This report describes the results of our review and is organized into nine chapters and five appendices. In Chapter Two, we provide an overview of the BOP and discuss the history of BOP inmates’ access to prison telephones. We also describe the current inmate telephone system, state prison practices regarding telephone use, and the role of the BOP staff in monitoring telephone use in federal institutions. Chapter Three describes the legal and regulatory background to inmate telephone use. Chapter Four assesses the data and information the OIG collected from its surveys and interviews of staff from United States Attorneys’ Offices, the DEA, and the FBI. Chapter Five reviews the case histories of several inmates who conducted serious criminal activity from federal prison, including Rayful Edmond, and our review of the telephone use of four inmates whose crimes received substantial public attention. Chapter Six describes a variety of BOP initiatives over the years to address inmate telephone abuse. Chapter Seven analyzes potential technological and administrative solutions to the problem of inmate telephone abuse. Chapter Eight offers our recommendations, and Chapter Nine describes our conclusions.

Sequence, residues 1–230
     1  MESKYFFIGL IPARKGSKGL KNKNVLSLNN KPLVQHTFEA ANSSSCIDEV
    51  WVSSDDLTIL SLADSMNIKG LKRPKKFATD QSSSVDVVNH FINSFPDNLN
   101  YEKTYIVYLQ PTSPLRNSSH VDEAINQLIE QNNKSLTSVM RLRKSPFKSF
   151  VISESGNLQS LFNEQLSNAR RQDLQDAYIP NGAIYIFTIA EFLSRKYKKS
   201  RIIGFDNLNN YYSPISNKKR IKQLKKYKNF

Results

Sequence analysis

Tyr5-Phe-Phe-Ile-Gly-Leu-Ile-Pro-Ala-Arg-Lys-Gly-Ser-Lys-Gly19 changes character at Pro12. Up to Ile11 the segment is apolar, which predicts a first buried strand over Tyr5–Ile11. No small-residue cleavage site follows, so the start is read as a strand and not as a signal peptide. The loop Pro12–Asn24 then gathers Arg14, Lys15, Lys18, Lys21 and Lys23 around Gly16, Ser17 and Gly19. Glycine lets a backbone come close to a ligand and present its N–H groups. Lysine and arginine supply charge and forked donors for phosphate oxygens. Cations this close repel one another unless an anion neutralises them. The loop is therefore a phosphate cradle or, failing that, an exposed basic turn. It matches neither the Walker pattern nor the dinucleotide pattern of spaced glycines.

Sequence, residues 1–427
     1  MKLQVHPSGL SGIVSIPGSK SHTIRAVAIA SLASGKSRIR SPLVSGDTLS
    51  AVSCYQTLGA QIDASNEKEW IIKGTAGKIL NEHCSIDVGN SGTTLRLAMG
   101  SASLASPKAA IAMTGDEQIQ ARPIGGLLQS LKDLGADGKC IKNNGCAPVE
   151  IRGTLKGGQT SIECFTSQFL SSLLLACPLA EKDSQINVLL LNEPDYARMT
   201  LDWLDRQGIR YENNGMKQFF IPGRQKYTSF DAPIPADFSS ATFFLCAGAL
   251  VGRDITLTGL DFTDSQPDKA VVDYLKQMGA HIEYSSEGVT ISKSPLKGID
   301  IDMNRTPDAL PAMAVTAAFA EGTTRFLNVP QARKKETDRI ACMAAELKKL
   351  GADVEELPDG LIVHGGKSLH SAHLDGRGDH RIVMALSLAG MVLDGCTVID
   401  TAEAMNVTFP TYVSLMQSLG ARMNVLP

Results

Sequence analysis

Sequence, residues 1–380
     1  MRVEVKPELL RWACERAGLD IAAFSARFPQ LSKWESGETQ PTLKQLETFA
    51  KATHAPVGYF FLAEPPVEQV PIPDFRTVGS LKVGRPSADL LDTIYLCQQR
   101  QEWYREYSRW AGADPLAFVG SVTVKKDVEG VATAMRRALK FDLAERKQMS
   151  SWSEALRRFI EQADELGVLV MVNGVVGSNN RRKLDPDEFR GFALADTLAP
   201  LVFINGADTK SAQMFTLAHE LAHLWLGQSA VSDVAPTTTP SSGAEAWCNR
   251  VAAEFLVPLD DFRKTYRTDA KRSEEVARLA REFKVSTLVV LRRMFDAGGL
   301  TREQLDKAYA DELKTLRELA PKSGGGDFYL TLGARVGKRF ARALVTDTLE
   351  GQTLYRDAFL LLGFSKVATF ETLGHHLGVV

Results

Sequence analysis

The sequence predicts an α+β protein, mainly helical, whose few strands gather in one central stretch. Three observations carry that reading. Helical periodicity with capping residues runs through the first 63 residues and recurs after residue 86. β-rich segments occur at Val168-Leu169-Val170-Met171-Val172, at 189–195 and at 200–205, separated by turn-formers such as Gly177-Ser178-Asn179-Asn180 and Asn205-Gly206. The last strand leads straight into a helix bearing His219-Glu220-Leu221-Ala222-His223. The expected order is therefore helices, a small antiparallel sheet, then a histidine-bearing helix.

1 Our survey of all institutions using the BOP Inmate Telephone System found that the BOP monitors approximately 2.9% of live calls by inmates. We also found that the BOP reviews an additional .7% of calls after they have been recorded. These numbers are based on estimates provided by those responsible for monitoring at each institution, and not on monitoring statistics. Such statistics are not maintained by the BOP.

2 In comments submitted to the OIG, the BOP argued that the magnitude of this problem is exaggerated and the scope and effectiveness of the changes that the BOP has implemented to address the problem are underrated. As described throughout this report, we disagree with these arguments.

3 Population at time of site visit in 1998.